In comparison, one day when Jesus was walking through a town, he was met by a man with leprosy. Lepers were ten times more scary then than now; people were terrified of catching it. Lepers were outcasts and rejects, often abandoned by friends and family to beg on street corners just to have something to eat. Picture this particular leper sitting in the dust and dirt, ignored by everyone who passed by. He had no one to turn to and not a penny to his name. He got up, walked up to Jesus, fell on his knees in the street, and asked to be made clean. Jesus touched the leper – a person who had likely not been touched by another human being in years – and healed him. The now socially-acceptable man was ecstatic and went around telling everyone about it, although Jesus had instructed him otherwise. His life suddenly had joy and meaning, despite the fact that he still had nothing and no one. What changed this former outcast’s world so entirely? Just one brief interaction with Jesus.

We weren’t made to be lonely
We were made to have a relationship with God.

It’s the one thing that can bring us out of our loneliness, because it’s the connection we were made to have. That one interaction with Jesus, who is God, brought meaning, comfort and joy to the life of that leper, while all the jewels, gold, and women in the world didn’t bring meaning to Solomon’s life. Having a personal relationship with God changes everything; it is the answer to our loneliness problem.

That said, does having a relationship with God protect us from feelings of loneliness for the rest of our lives? No. Simply put, the system is broken. It’s a complicated story you can learn more about here, but our world is a damaged place. We are separated from God by our sin, our desire to live apart from God. In this world, we cannot experience life the way it was meant to be, without loneliness or evil or sorrow or fear.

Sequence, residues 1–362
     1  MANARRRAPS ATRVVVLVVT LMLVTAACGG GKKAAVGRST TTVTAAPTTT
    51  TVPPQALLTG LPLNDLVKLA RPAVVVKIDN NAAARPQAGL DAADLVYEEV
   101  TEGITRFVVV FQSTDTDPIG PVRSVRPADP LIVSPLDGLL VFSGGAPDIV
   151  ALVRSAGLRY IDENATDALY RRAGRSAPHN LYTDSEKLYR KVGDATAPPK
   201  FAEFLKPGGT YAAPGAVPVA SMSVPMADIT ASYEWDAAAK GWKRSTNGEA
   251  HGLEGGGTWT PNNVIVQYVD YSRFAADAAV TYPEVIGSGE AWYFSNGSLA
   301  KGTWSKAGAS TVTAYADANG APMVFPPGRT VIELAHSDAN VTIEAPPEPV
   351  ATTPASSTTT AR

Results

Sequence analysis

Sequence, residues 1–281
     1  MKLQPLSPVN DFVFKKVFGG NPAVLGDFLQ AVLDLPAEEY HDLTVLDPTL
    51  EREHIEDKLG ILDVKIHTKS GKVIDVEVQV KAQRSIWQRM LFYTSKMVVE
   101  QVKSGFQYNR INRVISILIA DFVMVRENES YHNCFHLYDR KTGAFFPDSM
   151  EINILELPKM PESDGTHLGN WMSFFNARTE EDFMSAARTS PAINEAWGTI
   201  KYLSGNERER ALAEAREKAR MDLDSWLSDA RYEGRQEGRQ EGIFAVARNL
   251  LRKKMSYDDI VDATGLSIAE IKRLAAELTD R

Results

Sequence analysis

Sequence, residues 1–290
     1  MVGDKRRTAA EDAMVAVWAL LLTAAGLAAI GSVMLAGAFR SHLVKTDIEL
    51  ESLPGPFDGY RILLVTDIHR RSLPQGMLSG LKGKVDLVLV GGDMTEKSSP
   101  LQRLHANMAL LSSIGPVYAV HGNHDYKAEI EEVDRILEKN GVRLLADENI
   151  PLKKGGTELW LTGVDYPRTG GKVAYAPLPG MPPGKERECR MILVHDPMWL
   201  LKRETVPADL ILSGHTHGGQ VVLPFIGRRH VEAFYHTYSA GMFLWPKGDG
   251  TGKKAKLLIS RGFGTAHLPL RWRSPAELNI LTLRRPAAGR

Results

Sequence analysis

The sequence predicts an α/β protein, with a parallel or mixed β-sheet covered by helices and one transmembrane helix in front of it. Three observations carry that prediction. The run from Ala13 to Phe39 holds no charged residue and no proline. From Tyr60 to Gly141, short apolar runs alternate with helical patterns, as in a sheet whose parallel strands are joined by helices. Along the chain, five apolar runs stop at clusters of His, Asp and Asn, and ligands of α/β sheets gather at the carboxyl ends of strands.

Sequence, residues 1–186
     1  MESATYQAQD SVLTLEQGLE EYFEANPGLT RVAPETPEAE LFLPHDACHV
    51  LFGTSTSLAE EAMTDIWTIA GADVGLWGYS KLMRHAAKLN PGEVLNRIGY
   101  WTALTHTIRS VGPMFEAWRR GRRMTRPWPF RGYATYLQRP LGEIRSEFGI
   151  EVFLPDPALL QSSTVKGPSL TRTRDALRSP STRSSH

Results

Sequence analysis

So now what?

Despite the fact loneliness is a reality of being human with no immediate cure, there are two things that can help in the here and now:

“Community: How to Deal with Loneliness”

Because we were created for connection, a big part of dealing with loneliness is to be in community. No friend will save you from being lonely ever again, but when you have people around you who care about you for who you are (not for your body, skills, money, or ability to hold alcohol) it can help you see you are not really alone.

In fact, science backs this up: the more friends you have and the more connected you are, the better your health. All you have to do is Google “Health Benefits of Friendship.” Brene Brown, a researcher and expert on human interaction, explains it this way: “I define connection as the energy that exists between people when they feel seen, heard, and valued; when they can give and receive without judgment; and when they derive sustenance and strength from the relationship.” Sharing your life with people who love you helps you to see outside your own perspective and bring meaning to your life that you can remember in lonely moments.

“Someone Who Deeply Understands Your Loneliness”

Sometimes it’s hard to understand how believing in a God that you can’t see could possibly help you feel less lonely on a Friday night. But the Bible says God will never abandon his children, and he is near to all who call on his name. God loves you and desires relationship with you. He wants you to come to him when you are lonely!